Double Taxation Relief Manual: Guidance by country: Ireland: Nationals
Article 3(l)(c) defines `nationals’ of each country. An individual’s nationality (United Kingdom or Irish) normally only needs to be considered in deciding which country has primary taxing rights over government remuneration and pensions (Article 18 and see DT9890). The following notes refer to individuals only.
An Irish national is defined as a citizen of Ireland. A citizen of Ireland is an individual who was born in Ireland (under the Irish Constitution, Ireland includes the whole island, its islands and the territorial seas), or if his father or mother was an Irish citizen at the time of his birth or would have been if alive at the passing of the Irish Nationality and Citizenship Act 1956. However, an individual born in Northern Ireland on or after 6 December 1922 is not an Irish Citizen unless he makes a declaration in the prescribed form that he is an Irish citizen or, if a minor, his parent or guardian declares him to be an Irish citizen.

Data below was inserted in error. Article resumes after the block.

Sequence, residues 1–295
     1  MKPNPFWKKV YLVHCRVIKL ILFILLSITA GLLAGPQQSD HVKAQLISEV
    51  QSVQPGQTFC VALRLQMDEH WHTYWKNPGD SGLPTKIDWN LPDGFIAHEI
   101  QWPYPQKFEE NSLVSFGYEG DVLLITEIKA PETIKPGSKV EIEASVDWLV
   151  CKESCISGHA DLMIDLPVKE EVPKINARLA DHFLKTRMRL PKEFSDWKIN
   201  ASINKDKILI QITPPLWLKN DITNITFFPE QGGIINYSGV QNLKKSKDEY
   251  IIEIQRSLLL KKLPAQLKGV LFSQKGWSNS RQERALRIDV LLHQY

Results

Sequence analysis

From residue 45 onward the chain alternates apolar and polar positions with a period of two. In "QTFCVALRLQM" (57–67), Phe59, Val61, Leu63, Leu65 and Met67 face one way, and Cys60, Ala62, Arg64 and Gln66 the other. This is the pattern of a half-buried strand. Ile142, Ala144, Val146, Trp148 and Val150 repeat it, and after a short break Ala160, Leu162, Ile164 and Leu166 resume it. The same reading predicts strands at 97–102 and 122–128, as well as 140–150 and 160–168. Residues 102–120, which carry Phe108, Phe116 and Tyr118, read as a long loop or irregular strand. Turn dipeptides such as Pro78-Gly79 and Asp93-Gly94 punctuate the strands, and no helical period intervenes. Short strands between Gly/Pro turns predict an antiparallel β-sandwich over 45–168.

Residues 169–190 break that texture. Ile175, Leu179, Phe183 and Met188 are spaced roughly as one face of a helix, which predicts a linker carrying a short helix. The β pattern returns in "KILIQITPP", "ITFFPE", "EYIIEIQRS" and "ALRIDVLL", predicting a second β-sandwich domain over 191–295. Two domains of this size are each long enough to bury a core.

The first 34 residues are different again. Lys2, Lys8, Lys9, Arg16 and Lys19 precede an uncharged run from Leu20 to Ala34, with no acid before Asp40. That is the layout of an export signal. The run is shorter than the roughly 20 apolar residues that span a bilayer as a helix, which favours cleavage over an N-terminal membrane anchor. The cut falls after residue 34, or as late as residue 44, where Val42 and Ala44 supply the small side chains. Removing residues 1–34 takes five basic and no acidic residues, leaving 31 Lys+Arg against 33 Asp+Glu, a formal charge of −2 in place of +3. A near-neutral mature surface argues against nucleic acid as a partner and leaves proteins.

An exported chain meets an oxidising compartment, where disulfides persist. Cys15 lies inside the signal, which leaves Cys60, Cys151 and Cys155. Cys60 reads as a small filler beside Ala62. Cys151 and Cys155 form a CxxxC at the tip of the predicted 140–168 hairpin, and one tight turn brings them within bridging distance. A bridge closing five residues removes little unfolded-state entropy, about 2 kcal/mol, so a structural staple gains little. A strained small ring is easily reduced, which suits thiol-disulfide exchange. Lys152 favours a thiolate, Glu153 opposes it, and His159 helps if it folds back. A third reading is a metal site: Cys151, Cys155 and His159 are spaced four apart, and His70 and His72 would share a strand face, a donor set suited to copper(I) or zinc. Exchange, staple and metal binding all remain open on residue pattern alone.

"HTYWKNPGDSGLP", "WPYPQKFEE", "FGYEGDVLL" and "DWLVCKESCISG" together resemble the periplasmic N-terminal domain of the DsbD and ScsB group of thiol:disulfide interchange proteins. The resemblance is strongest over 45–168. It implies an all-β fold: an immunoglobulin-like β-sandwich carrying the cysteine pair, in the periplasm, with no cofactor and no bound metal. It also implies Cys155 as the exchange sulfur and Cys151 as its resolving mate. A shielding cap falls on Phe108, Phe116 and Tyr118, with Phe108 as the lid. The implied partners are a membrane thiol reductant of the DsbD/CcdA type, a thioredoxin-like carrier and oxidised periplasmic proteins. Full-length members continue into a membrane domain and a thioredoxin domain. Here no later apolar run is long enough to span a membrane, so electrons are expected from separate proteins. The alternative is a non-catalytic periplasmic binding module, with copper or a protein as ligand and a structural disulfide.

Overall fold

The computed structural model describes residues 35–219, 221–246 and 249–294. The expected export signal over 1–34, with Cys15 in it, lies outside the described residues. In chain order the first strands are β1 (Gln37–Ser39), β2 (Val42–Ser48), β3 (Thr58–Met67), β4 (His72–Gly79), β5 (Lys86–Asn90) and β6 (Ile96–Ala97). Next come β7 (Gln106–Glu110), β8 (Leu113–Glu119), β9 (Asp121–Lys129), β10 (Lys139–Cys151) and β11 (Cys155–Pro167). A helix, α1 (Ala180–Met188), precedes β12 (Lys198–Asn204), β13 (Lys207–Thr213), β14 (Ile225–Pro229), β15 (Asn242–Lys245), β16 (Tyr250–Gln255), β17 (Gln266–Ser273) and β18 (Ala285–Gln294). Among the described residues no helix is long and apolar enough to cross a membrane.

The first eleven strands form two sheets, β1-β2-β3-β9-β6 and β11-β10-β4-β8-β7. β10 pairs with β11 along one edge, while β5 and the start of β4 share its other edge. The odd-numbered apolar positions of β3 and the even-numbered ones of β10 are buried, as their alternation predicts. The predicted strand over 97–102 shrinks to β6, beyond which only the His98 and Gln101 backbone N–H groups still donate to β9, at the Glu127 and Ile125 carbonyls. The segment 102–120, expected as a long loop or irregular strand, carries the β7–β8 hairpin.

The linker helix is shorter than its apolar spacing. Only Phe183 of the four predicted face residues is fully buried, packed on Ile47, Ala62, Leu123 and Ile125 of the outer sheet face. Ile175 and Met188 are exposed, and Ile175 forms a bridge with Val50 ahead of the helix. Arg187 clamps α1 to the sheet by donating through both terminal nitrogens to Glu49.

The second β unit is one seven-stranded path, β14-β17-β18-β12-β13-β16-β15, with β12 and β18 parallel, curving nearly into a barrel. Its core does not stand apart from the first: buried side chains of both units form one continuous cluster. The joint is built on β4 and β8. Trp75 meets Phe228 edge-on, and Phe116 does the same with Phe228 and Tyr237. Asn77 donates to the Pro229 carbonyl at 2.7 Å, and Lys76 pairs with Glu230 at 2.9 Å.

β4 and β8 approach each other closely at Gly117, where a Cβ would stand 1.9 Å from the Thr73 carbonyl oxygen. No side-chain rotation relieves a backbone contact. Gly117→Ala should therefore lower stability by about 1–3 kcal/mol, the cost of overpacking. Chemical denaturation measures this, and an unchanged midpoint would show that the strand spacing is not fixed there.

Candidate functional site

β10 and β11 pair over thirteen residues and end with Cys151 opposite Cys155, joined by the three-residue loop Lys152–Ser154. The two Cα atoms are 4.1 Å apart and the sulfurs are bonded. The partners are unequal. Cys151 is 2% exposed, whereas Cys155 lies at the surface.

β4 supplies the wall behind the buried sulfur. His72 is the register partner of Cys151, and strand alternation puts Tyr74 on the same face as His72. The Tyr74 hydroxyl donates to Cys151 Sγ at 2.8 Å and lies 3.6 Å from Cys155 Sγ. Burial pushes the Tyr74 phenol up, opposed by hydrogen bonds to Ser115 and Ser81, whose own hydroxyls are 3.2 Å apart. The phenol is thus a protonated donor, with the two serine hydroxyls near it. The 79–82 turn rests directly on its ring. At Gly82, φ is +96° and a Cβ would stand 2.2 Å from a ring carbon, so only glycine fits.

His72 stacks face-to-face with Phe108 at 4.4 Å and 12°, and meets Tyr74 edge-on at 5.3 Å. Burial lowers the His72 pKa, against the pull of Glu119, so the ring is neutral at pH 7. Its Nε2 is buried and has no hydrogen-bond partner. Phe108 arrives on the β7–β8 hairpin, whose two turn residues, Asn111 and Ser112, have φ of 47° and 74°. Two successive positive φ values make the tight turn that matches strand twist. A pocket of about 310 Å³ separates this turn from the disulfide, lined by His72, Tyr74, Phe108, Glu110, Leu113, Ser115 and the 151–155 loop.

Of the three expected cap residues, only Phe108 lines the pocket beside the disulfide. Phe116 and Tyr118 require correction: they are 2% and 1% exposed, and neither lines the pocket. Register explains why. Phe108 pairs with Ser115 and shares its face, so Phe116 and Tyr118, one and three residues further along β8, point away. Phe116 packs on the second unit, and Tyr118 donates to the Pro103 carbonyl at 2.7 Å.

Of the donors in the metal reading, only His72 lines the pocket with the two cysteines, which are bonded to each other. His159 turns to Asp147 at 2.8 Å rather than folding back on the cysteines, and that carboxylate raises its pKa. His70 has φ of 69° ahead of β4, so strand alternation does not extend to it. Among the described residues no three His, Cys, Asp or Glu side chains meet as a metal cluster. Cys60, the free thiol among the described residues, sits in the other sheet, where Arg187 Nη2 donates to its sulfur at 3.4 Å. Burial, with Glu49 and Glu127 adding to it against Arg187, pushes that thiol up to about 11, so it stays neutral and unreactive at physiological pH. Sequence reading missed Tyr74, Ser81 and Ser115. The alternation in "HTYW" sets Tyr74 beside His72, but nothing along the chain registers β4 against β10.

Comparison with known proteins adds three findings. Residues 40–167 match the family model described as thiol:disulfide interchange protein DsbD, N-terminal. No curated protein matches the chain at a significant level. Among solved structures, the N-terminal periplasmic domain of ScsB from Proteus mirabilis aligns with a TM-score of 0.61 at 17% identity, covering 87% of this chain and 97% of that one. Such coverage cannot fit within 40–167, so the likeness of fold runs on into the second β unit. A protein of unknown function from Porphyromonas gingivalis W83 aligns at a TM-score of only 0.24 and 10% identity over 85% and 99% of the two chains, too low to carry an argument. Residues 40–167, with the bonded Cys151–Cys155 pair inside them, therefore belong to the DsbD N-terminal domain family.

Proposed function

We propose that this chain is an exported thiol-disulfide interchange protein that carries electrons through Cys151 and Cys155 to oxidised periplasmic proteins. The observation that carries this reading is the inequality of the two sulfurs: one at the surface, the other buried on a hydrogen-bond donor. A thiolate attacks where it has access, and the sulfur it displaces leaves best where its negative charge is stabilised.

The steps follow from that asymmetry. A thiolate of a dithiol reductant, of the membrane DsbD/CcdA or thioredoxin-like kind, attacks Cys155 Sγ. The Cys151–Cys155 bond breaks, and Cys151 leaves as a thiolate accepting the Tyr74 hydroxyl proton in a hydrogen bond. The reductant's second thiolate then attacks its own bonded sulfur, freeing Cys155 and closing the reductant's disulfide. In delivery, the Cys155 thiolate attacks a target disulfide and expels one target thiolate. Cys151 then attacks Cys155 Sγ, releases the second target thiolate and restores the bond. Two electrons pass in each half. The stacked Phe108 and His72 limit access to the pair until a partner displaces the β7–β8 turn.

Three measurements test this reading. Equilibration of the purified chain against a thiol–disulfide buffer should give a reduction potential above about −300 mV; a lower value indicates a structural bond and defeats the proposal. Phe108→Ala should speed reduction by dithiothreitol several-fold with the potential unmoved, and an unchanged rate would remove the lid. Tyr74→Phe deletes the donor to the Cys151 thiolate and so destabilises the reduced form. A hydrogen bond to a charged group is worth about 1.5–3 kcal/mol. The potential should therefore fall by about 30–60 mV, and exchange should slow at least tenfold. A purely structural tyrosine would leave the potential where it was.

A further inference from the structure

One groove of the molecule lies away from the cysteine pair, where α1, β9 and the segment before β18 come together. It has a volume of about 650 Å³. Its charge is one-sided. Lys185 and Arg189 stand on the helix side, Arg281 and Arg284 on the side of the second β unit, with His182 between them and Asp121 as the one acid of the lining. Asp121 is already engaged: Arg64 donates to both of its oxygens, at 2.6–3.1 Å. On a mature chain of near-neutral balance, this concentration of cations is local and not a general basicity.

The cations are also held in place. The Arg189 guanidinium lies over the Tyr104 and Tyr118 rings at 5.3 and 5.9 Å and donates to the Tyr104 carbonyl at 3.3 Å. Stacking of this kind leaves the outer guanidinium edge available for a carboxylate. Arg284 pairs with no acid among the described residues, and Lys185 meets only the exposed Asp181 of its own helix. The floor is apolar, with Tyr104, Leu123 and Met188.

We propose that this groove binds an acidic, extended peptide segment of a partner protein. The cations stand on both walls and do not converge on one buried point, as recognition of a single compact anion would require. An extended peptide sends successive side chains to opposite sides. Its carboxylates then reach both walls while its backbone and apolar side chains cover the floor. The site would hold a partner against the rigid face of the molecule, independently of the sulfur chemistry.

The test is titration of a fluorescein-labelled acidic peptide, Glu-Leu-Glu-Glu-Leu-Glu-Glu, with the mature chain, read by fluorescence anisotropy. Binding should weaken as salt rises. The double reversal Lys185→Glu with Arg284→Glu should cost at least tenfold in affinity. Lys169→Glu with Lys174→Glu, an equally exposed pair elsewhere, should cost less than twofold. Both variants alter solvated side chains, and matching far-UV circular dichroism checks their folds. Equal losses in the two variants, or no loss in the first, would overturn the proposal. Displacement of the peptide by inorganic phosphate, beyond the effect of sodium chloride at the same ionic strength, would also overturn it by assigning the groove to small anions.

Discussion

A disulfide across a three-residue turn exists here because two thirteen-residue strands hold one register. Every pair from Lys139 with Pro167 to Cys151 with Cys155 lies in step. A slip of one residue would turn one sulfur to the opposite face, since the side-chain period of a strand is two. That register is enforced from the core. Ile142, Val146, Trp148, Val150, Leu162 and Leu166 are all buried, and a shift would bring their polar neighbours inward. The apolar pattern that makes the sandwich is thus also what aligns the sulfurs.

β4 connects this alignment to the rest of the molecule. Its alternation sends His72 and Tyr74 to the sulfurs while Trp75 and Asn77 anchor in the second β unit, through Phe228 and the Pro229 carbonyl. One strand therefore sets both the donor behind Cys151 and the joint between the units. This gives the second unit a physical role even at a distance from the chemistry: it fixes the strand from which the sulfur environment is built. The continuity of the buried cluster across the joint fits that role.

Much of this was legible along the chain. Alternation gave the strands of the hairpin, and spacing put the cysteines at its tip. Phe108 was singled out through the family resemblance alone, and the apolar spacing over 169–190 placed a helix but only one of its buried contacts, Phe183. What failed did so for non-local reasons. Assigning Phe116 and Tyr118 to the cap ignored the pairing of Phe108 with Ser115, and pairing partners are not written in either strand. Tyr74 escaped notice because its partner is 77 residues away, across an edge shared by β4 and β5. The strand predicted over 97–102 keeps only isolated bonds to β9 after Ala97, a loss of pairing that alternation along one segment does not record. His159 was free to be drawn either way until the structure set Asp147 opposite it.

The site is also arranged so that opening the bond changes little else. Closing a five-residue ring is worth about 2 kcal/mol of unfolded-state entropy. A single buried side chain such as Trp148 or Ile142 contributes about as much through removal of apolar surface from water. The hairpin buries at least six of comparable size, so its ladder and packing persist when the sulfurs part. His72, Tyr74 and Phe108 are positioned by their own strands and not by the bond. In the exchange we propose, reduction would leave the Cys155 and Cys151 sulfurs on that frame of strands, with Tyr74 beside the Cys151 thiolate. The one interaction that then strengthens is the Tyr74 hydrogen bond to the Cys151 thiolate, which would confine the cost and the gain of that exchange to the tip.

United Kingdom national
A United Kingdom national is defined as, amongst other things, a citizen of the United Kingdom and colonies and a British subject under Section 2, British Nationality Act 1948. A person born before 1 January 1949 was a British subject at birth if he or his father had been born in that part of Ireland now forming the Republic of Ireland. Such an individual lost his status as a British subject on 1 January 1949 unless he gave notice under Section 2 of the British Nationality Act claiming to retain British nationality. For the purpose of the agreement, such an individual is not regarded as a British subject unless his notice under Section 2 was acknowledged before 2 June 1976.
It will be seen, therefore, that individuals could well have both United Kingdom and Irish nationality simultaneously.